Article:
NEW YORK -- How badly did their injury-depleted bench hamstring the Brewers in the fifth inning of a 3-2 walk-off loss to the Mets on Sunday? Not much, insisted manager Craig Counsell, and he'd had plenty of time in his office to think about it.Counsell was ejected for the first
NEW YORK -- How badly did their injury-depleted bench hamstring the Brewers in the fifth inning of a 3-2 walk-off loss to the Mets on Sunday? Not much, insisted manager Craig Counsell, and he'd had plenty of time in his office to think about it.
Counsell was ejected for the first time this season amid an eventful half inning, which began and ended with his club trailing, 1-0. It started with Hernan Perez singling for the Brewers' first hit off Mets ace Noah Syndergaard, and moving to third with one out on a hit-and-run groundout and a stolen base.
With Eric Thames already out of the game with a left groin injury and Eric Sogard the only fully healthy player left on the bench, Ryan Braun stepped into the on-deck circle instead of starting pitcher Jhoulys Chacin. That was notable in itself, because Braun had exited Saturday's game with back tightness.
Meanwhile, Brewers catcher Jett Bandy was called out on a low third strike. Bandy began jawing with home-plate umpire Hunter Wendelstedt, drawing an urgent response from Counsell and third-base coach Ed Sedar, aware that Bandy was the club's only healthy catcher. Manny Pina was sidelined for the fourth straight game by a troublesome calf.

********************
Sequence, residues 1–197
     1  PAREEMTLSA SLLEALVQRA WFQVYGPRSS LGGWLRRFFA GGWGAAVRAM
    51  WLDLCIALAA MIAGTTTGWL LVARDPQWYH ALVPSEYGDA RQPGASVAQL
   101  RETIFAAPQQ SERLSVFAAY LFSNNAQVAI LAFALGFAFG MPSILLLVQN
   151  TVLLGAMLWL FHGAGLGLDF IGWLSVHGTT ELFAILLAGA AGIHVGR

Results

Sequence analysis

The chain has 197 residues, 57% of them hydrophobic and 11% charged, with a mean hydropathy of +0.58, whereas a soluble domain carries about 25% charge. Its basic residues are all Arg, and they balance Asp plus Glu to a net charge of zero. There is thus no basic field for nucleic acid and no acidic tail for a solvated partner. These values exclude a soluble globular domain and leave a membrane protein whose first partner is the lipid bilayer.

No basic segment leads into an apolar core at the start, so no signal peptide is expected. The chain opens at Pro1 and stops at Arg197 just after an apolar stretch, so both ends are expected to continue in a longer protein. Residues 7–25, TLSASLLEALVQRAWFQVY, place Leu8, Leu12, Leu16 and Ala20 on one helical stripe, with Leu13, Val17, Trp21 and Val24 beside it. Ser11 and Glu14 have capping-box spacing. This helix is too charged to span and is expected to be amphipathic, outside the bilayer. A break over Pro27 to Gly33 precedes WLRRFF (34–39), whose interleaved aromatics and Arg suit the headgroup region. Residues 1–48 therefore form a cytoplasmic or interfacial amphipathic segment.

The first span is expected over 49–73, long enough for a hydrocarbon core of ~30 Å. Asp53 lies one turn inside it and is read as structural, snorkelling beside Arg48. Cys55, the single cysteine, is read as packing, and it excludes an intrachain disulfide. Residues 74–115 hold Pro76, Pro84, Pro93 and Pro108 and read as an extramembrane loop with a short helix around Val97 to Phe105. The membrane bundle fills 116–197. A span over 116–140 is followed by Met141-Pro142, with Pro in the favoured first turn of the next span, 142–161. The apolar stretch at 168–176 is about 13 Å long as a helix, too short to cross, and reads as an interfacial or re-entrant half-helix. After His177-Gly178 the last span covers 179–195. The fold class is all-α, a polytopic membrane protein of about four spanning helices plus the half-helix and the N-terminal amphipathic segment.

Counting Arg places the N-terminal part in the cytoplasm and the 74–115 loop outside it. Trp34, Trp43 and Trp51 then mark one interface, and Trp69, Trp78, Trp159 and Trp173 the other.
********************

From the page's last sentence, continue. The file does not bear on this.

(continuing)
Bandy was spared an ejection, but not Counsell.
"I was just trying to make sure Jett didn't get ejected," Counsell said. "I don't think I did a lot to get ejected, frankly. I walked out of the dugout and said something pretty innocent. [Wendelstedt] said, 'If you leave the dugout, you get ejected.' You know, fine. If they want to eject me, that's fine."
While that was happening, Braun returned to the dugout and Chacin emerged to hit. Chacin managed to put the ball in play against Syndergaard, but Mets shortstop Amed Rosario made a terrific play to his right to retire Chacin and end the inning.
"That could have been one run for us to win the game," Chacin said. "They're playing really well right now. They're making those plays right now."
For a few innings, it appeared that Braun may have just been a decoy. But he did eventually pinch-hit and was retired on a flyout with the bases empty to end the eighth.
Why did Counsell -- and bench coach Pat Murphy, who took over the managerial duties -- call Braun back with a chance to potentially tie the game?
"Ryan was going to hit if we got into what I thought was a better offensive [opportunity] -- man on third, less than two outs, or if we had first and third there," Counsell said. "At that point, you're planning on, 'Is something different going to come up later in the game?' and protecting yourself later in the game. The way Syndergaard was pitching, to me it's not a great offensive situation. Maybe we tie the game. Chacin hit a ball hard, it didn't work out.
"It's not like I felt like we left a huge run-scoring opportunity on the table there. You'd love it to work out where Braun comes up [later in the game] with men on base. It didn't. I still think I have to plan on what could happen later in the game more than that situation, with still 13 outs left in the game."
Adam McCalvy has covered the Brewers for MLB.com since 2001. Follow him on Twitter @AdamMcCalvy and like him on Facebook.